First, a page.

Campbell: For the school board, no. Now, the National Coalition Against Censorship sent a letter to the school board, advocating for them to put the books back and to have certain things in their process to review books. PEN America also worked with a number of authors to again advocate for them to return the books, to not have a book ban.

When I’ve talked to the chair of the board about this, he said that he’s not interested in national groups’ opinions about what’s going on because he’s listening to his constituents in Rockingham County. I think he sent a one sentence email back to PEN America that was like, “My constituents are in Rockingham County.” When I talked to him about the National Coalition against Censorship letter, he said something similar. He’s not taking anything that they’re saying into account, because he’s listening to people in Rockingham County.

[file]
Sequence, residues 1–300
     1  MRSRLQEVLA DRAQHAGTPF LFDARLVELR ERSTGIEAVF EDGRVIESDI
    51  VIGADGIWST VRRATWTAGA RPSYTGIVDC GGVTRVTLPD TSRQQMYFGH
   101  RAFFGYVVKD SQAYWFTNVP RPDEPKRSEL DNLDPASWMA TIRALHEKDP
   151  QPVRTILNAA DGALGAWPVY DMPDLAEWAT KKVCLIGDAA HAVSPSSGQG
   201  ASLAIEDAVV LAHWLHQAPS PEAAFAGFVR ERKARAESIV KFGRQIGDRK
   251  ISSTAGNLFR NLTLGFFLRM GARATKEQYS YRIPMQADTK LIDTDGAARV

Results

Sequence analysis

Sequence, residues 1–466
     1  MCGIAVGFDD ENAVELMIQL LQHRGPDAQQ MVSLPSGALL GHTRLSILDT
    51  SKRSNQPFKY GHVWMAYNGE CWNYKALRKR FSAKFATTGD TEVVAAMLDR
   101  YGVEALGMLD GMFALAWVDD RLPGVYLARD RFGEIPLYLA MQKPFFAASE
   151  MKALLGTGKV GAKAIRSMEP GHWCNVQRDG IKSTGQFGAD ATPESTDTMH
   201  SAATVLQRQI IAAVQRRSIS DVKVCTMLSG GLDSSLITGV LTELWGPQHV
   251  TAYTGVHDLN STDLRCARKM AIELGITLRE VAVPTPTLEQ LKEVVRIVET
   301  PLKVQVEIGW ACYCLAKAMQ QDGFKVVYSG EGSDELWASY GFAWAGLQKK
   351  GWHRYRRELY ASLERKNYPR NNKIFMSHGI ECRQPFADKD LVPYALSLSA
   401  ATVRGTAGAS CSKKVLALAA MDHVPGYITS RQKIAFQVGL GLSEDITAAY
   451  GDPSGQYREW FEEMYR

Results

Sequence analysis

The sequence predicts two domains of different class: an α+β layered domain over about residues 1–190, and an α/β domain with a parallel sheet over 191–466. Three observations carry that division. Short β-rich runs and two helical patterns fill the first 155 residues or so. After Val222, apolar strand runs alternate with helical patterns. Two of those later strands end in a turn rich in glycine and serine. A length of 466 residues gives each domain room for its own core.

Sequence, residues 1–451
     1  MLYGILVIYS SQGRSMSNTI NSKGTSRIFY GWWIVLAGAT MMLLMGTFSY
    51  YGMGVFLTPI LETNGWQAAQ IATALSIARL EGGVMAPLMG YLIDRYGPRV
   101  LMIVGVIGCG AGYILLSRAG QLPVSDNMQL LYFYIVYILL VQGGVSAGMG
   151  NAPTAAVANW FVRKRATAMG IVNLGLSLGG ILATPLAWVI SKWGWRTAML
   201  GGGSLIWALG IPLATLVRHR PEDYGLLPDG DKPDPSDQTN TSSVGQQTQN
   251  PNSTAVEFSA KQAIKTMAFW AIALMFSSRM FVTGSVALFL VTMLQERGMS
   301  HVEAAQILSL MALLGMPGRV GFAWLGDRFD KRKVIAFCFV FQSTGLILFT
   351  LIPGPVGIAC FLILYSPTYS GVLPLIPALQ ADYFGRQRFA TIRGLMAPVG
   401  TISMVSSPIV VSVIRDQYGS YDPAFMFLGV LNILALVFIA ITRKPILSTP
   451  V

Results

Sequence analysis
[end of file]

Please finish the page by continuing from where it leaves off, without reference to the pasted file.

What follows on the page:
Adams: Have there been any changes since this happened in January? It’s been a couple of months.

Campbell: The biggest thing that’s happened is that meeting with librarians where they shared their thoughts. A lot of them said that the decision really hurt them because the board didn’t consult them beforehand. But for the most part, I think the board is going ahead with the new policy to review challenged books, and then also to determine how books end up in school and classroom libraries. There’s been a lot of backlash. There’s been a lot of discussion about what’s going on.

But from what I’ve seen from the school board, I think they’re just going to go forward with their plan of how they’re going to develop the policy. In one of the work sessions, they did pull from a lot of other school divisions that have examples of policies for libraries. And they’ve said, not everything that are on those policies they want to include, but they want to pick and choose.